It was a time when San Francisco was a city where the unlikely always seemed to happen, whether by co-incidence or by fate, and where true love occurred in unexpected ways. It was a city buzzing with innocent but naughty fun, where people went to the supermarket and the Laundromat to meet potential lovers and to co-ed bathhouses for the cleanest orgies in town.
In Tales of the City, the carefree chaos revolves around a funky old apartment house at 28 Barbary Lane where the enigmatic and mysterious landlady, Anna Madrigal (Academy Award Winner, Olympia Dukakis) presides over her residents with almost maternal affection.
Tales of the City begins with the arrival of one of the Barbary Lane inhabitants, a Miss Mary Anne Singleton (Laura Linney). The naÃ¯ve young secretary from the mid-west tumbles headlong into the colourful world of San Francisco for the first time and finds new friends with whom to embark on a new life filled with new adventures. So search for your hotpants and your platforms and join in on the fun at 28 Barbary Lane.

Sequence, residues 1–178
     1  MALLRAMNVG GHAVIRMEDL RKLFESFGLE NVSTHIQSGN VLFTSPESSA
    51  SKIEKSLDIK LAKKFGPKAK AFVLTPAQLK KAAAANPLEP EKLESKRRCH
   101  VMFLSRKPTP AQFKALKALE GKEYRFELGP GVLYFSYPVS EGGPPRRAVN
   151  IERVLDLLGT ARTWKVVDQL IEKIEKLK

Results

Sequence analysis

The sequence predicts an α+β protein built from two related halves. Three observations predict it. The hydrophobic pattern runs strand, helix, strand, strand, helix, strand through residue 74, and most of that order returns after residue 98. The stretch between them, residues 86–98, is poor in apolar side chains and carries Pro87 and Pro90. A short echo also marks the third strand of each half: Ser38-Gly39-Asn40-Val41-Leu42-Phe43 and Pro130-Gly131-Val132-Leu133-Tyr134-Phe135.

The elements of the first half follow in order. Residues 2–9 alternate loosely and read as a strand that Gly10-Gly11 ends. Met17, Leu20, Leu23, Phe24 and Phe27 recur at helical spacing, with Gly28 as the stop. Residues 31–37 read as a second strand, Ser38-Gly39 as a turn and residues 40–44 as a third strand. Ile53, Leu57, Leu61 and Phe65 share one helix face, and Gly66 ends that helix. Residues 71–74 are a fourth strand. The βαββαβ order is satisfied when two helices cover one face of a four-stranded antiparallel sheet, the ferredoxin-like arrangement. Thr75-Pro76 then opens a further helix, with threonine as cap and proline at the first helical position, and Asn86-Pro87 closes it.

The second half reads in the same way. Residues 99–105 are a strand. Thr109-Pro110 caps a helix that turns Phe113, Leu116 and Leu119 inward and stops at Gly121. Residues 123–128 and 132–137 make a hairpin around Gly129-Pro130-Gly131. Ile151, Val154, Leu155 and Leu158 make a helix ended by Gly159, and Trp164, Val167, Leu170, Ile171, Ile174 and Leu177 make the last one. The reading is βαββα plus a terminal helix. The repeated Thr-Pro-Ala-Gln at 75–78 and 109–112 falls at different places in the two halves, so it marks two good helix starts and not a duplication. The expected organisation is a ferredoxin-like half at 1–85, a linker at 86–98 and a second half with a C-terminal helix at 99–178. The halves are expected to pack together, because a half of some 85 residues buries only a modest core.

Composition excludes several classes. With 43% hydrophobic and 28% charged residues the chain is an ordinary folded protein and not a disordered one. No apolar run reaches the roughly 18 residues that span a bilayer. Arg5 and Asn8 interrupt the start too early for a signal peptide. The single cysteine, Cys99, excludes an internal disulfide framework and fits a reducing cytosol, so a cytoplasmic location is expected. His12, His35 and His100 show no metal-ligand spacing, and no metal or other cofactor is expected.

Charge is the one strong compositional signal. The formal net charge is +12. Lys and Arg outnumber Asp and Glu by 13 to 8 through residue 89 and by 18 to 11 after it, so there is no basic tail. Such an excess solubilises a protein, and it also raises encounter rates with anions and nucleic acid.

"The City" in question is San Francisco, and the tales are novelist Armistead Maupin's, his romantic, affectionate, and spirited homage to the glory days of his hometown. Maupin's idea of SF's glory days isn't the drug-filled Summer of Love (1967), but rather the drug-filled lust-in of the late '70s. Replacing acid with coke and ludes, psychedelia for disco, this six-hour miniseries (which caused controversy for its open drug use, nudity, and direct depiction of homosexuality upon its initial airing on PBS) follows the romantic struggles and identity crises of a colorful cast of characters. The action--as addictive as the drugs the characters ingest--is seen mostly from the innocent point of view of Mary Ann, the city's newest culture-shocked resident--so its presentation is rather decadent and hedonistic. Because the story originally ran as a daily serial in the San Francisco Chronicle before being compiled into a novel, its serialized structure suffers from typical soap-opera mawkishness and the need to shock with ridiculous revelations. Thankfully, this degeneration mostly occurs during the final two hours, allowing you to just enjoy the personalities and hilarious and often-touching interactions of the richly drawn characters before they're manipulated by plot devices. The performances are all outstanding, especially Chloe Webb's spacey ex-hippie Mona, Marcus D'Amico's romantically doomed Michael, and Olympia Dukakis's Anna Madrigal, the enigmatic mother hen/landlady of many of the film's central characters. --Dave McCoy
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